In the music world January marks a dearth of newness as labels await their spring releases. It’s a time of relative quiet in the industry and an opportune time to look at what’s coming up. The year 2009 is shaping up to be an exciting year, especially for music that may be of interest to the queer community.
First up: Lily Allen. Allen entered the music scene back in 2006 with a handful of spritely, catchy pop singles and an accompanying debut album Alright, Still. She proved to be more than just another bratty pop star; songs like “Smile,” “Knock ’Em Out” and “LDN” were a breath of fresh air. Allen’s sardonic delivery coupled with sunny melodies were an instant hit and the supremacy (at the time) of MySpace propelled her into the spotlight.
Three years later, and after numerous delays, Allen is ready to release her second disc, the hotly anticipated It’s Not Me, It’s You. Preceded by the single “The Fear” and its brilliant “Lily in Wonderland” music video, the album continues along the same path of sharp lyrics and keen observations, albeit presented in a slightly less retro, more pop and electronic way. Allen has called the sound “bigger” and one listen to “Everyone’s At It,” another track from the album, proves it. From the country influences on “Not Fair” to the girl pop of “22” to the ode to George W Bush, appropriately titled “Fuck You,” the album is full of catchy choruses, great beats and resonant messages. It’s Not Me, It’s You is out Tue, Feb 10.
Pet Shop Boys, the iconic duo of Neil Tennant and Chris Lowe, is set to release its new album in March, entitled Yes. The last release, 2006’s Fundamental, was a sombre yet beautiful affair, all strings, melancholy and even slightly political (“I’m with Stupid,” an open letter of disgust to George W Bush and Tony Blair). Politics seem to have been left in the dust on Yes, which is being described as “a proper pop album.” Recorded last year with producers extraordinaire Xenomania, the 11-track opus will certainly have the duo back at the top of the pop charts where they belong (in Europe anyway. Here, they are eternally sequestered to the dance chart).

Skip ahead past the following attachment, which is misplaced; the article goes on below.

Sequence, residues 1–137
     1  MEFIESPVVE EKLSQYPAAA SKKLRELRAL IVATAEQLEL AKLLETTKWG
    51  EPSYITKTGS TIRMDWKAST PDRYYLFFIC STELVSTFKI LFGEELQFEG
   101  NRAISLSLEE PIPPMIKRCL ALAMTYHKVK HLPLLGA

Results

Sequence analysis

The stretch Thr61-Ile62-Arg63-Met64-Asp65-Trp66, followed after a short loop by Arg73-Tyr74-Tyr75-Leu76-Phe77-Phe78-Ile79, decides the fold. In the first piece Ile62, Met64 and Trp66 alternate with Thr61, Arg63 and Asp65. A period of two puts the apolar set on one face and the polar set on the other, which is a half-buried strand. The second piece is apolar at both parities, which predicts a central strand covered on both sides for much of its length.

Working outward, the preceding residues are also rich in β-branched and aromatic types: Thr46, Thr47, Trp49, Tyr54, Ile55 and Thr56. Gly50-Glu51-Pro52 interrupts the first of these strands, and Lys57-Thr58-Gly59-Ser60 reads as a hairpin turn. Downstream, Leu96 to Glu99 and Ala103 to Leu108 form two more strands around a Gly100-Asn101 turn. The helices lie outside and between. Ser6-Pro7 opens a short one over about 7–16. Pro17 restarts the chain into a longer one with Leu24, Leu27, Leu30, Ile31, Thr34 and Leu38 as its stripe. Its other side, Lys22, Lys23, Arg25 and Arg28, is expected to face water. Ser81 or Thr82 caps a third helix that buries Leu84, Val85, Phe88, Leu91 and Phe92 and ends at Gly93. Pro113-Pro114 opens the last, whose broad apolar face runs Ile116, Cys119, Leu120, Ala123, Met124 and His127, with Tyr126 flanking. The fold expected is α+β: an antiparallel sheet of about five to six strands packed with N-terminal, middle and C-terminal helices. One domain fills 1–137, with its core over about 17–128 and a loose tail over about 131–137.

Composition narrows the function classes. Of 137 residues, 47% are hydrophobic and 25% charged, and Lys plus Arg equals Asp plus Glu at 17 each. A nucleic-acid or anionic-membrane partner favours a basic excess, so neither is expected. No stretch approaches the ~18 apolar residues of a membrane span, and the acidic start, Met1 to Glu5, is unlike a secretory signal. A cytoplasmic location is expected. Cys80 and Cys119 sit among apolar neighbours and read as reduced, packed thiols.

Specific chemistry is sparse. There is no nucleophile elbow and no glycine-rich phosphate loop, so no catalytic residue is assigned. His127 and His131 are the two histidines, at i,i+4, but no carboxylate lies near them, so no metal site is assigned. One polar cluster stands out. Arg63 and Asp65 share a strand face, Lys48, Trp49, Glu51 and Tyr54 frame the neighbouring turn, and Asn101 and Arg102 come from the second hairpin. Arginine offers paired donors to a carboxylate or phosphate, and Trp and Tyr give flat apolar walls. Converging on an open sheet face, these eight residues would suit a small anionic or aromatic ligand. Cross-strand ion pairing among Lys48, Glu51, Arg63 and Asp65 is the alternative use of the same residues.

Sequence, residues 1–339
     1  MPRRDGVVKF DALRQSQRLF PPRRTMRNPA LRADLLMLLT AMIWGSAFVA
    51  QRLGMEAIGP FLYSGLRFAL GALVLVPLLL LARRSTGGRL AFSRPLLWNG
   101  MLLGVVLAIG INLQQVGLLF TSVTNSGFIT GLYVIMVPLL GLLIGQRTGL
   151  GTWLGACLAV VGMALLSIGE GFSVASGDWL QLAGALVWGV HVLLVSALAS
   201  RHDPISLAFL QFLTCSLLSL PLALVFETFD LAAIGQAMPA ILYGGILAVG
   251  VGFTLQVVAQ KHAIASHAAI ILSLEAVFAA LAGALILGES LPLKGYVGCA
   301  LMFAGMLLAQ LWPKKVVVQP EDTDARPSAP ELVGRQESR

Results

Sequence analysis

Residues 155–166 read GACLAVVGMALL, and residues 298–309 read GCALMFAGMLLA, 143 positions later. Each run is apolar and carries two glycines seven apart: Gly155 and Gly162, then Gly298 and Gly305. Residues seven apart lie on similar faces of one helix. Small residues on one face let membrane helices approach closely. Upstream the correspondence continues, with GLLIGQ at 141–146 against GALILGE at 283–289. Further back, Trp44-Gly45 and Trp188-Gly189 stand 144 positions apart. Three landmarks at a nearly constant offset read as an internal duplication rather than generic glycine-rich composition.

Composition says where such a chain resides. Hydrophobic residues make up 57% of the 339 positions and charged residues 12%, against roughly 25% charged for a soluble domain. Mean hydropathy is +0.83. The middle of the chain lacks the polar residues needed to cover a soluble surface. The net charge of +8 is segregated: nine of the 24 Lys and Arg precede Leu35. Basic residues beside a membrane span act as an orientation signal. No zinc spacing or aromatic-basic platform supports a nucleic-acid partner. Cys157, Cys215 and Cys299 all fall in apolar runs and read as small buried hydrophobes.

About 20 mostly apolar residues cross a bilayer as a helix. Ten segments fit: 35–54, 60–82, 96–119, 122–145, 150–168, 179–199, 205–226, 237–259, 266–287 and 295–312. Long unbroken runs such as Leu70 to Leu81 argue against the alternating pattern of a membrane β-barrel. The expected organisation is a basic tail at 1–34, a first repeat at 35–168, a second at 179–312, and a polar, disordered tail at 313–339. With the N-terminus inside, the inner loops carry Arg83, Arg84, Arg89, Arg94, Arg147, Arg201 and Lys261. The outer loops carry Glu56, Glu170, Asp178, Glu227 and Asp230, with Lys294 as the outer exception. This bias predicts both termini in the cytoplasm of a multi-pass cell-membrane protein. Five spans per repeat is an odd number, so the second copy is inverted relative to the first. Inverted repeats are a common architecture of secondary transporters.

In typical Pet Shop Boys style there are some fantastic song titles, including “Pandemonium” (“A song about your partner causing mayhem whenever they turn up but being quite loveable nonetheless”) and “All over the World” (“a mid-tempo but euphoric celebration of music and love with irresistible handclap action and a Tchaikovsky sample”). With a return to form, the group’s knack for irresistible, intelligent pop and a gift for crafting fantastic remixes expect to hear the Pet Shop Boys on the dancefloors this year. Fitting, really, as Tennant and Lowe are receiving the Outstanding Contribution to Music award next month at the Brit Awards. Yes is released on Tue, Mar 24.
Irish rockers U2 are undeniably the ultimate rock band of our age. They lived the rock dream, emerging from working-class Dublin, Ireland at exactly the right time, shaking up the Day-Glo 1980s with their brand of rally-and-cry socially ethical rock music. The group conquered America, as every rock band wants to, and even filmed it for posterity (see 1988’s Rattle and Hum). Following that U2 retreated to Europe to produce some of its best and weirdest, music ever (refer to 1991’s Achtung Baby and its follow-up 1993’s Zooropa), started releasing dance mixes and even experimented with drag (see the video for “One,” a cryptic and gorgeous song, which after seeing the video, many people believed to be about a gay man coming out to his father. A huge chunk of the profits were also given to AIDS charities).
Drummer Larry Mullen Jr (the cute guy at the back) also won my devotion when he replied “Probably” to the question “Do you think George Bush is a war criminal?” It’s hard to disparage these guys, even though their fan base seems to be almost entirely made up of thirtysomething white men who work in the financial sector. U2 stopped being hip eons ago, but that’s not what we’re talking about here. U2’s new disc, No Line on the Horizon, is the first album since 2004’s How to Dismantle an Atomic Bomb, and this has been the longest gap between U2 albums ever, so interest is definitely piqued.
The group’s Canadian producer Daniel Lanois was quoted by Le Journal de Montreal as saying that the new album will push the limits of the sound arena much like Achtung Baby did in 1991, stating, “I think we can safely say it’s one of the great, innovative records from U2.”
No Line on the Horizon is out Tue, Mar 3 and the new single “Get on Your Boots” is available now.